It has been a great year for mergers and acquisitions (M&As) in India in 2018 with the total transaction value crossing the $100-billion mark. Mahesh Singhi, founder & MD, Singhi Advisors, which is focused only on mid-market deals, shares his expectations for the year ahead in an interview with FE’s Rouhan Sharma. Excerpts:
Unlike most advisory firms, you are focused only on M&A. Comment.
This is correct. At Singhi, unlike many other firms that do private equity deals, corporate finance as well as M&A, we concentrate only on M&A. Within M&A, our target range is mid-market companies with a revenue of Rs 200-5,000 crore and a transaction size of Rs 100-1,000 crore. Our proposition is we are business consultants who understand and diagnose a particular business, find the missing links and suggest M&As, sometimes opportunistic, and sometimes by design. Most are planned transactions. Our positioning is mid-market M&A.
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How do you identify such M&A opportunities?
Almost all business leaders at Singhi have prior experience of leading businesses either as CEOs or other senior management positions. For instance, our building materials industry leader is led by a former MD of Bombay Burmah Trading (BBT). In fact, we had sold BBT’s Sunmica division in 2011 for Rs 100 crore. Our auto components business is led by the former MD of Greaves Cotton and Mahindra Navistar, which is now M&M’s truck and bus division. Similarly, we have MDs and CEOs of other companies heading various industry verticals within Singhi. They are supported by a large team.
How has 2018 been for you in terms of deal flow?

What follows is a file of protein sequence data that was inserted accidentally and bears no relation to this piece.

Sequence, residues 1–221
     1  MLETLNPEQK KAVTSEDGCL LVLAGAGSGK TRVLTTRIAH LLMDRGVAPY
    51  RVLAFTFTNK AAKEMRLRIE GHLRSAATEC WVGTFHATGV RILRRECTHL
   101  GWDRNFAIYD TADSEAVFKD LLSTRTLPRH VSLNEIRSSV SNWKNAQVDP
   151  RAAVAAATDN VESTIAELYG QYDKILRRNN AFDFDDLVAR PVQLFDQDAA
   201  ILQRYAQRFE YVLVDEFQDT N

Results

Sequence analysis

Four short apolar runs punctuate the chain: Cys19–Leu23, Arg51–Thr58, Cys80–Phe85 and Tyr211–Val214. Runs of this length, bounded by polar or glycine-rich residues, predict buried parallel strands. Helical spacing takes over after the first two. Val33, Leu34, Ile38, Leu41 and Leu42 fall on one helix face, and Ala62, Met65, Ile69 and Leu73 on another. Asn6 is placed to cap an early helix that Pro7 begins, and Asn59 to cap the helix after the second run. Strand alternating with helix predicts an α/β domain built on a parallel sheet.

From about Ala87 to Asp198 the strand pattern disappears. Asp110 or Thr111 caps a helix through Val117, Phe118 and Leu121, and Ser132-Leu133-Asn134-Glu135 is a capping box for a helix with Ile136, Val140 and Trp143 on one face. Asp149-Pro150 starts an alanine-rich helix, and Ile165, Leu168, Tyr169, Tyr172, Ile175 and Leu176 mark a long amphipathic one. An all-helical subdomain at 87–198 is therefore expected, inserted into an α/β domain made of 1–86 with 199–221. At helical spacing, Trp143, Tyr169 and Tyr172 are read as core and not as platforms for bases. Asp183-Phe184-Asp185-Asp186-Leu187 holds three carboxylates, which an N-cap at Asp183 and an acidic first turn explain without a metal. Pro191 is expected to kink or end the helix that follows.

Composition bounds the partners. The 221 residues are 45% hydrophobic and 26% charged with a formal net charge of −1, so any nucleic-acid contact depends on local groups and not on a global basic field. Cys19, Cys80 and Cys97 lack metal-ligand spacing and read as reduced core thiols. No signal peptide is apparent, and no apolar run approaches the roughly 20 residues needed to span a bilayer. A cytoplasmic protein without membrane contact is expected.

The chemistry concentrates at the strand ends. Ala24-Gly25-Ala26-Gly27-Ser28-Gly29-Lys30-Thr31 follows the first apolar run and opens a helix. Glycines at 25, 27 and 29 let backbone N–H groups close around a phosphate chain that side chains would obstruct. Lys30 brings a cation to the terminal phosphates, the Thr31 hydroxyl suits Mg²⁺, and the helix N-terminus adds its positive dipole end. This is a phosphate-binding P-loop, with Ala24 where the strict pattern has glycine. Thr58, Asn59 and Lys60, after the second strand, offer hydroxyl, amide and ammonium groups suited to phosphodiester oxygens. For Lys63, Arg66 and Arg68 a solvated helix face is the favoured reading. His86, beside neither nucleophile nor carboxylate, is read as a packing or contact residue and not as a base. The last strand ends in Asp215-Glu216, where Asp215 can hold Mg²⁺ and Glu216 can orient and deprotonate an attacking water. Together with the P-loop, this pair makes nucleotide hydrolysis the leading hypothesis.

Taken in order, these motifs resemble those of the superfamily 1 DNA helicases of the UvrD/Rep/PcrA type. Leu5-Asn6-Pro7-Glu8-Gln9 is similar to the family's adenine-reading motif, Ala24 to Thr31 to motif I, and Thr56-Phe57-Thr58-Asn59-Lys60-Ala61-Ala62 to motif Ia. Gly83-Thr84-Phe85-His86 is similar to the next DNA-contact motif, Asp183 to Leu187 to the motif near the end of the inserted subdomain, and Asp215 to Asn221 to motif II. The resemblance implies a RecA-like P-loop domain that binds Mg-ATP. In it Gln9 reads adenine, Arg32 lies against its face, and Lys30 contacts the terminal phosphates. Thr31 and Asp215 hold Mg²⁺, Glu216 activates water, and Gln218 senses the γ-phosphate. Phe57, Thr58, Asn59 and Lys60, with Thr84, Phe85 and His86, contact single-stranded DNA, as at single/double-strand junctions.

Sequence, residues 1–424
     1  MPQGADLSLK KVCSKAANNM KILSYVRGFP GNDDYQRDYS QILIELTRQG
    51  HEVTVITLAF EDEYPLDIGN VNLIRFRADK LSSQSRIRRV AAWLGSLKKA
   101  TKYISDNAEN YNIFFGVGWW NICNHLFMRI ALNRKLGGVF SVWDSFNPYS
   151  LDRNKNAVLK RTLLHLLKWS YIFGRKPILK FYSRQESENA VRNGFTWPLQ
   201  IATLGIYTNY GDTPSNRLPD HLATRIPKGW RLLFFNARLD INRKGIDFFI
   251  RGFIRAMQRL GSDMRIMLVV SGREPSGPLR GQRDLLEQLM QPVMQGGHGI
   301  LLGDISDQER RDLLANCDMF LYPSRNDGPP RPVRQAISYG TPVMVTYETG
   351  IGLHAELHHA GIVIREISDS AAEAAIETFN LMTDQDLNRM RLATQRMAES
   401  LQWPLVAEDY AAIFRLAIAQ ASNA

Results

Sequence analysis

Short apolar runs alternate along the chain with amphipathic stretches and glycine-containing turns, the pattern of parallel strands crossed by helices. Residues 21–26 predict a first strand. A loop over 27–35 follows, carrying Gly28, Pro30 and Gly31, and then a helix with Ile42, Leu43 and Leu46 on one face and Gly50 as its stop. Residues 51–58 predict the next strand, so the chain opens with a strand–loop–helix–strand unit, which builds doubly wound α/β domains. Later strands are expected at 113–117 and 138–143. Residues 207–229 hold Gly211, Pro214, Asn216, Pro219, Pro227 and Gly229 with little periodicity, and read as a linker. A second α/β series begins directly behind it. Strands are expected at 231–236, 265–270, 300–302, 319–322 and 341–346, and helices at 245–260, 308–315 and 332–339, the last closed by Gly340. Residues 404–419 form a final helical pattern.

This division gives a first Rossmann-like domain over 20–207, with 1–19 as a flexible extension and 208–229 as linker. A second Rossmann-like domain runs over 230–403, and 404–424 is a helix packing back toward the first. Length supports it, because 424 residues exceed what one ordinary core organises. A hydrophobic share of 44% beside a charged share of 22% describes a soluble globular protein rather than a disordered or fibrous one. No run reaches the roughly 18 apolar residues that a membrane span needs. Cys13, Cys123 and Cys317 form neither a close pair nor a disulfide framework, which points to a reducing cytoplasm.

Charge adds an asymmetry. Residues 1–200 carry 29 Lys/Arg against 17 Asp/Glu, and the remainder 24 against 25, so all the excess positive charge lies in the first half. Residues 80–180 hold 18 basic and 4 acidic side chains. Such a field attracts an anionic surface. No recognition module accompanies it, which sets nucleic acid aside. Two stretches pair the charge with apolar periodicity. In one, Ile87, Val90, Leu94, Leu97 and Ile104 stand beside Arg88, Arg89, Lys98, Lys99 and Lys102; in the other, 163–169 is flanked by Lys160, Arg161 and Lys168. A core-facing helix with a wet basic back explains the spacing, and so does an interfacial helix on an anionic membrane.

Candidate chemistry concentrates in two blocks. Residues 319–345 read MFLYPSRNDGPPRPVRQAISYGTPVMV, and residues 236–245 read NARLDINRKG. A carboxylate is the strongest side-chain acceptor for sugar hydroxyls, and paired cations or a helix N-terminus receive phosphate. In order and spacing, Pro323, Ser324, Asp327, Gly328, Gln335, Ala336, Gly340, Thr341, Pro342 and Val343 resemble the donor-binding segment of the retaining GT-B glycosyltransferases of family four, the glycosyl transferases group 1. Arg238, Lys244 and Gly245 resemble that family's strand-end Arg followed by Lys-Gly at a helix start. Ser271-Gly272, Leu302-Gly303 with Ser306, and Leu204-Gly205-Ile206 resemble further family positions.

Good. It could have been much better but for certain situations at the National Company Law Tribunal (NCLT) where we had to withdraw from a couple of auctions. We have done about 10-12 deals this year at an average of a deal every month and an overall value at slightly over Rs 2,000 crore. We sold for UltraTech their ready mix concrete (RMC) business. RMC uses a lot of stone aggregates and it is difficult to get a consistent supplier. To fill this gap, UltraTech had earlier acquired some quarries to ensure consistent supply of stone. Once this purpose was achieved and the system was in place, this business became non-core. We ensured we helped them to dispose these quarries to nine different owners but still maintained the supply arrangement. This deal was done earlier this year. While UltraTech clearly is not a company in the mid-market category, the size of the deal was within our specified range.
Another deal we did was selling the Nirlep brand to Bajaj Electricals last quarter. It made sense for Bajaj to fill a gap in their portfolio in the kitchenware space as they already have kitchen appliances, but not the full range. The No. 1 player in this space is TTK, followed by Hawkins and then Nirlep. While the gap between these three are very big, however, with a platform like Bajaj, chances to grow the acquired business tenfold in three years are very possible, which is what they are now aiming to do. For the seller, the makers of the Nirlep brand will focus on their auto components business and still continue to manufacture for Bajaj.
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What is your focus going to be in 2019?
The focus is on five sectors for the next three years at least where we anticipate a good amount of M&As. One is auto components where for Indian companies, a good part of their growth has come from overseas acquisitions in high-value markets. Five years down the line, we know this business will grow threefold. The second is specialty chemicals. Indian companies have scaled up and are globally competitive. There is a level-playing field. China may be very good in the bulk business but India is well placed with an edge over them in batch processing. Both the domestic and export markets are also doing well.
The third area is polymers and/or plastic. The use of plastics is only going up in the auto industry, and as a building material. We have done five transactions out of a total of six in this industry in the last few years.
The fourth area is building materials which covers the entire range of inputs in the construction industry. The fifth segment is M&A in distressed assets across any sector where there is good value available.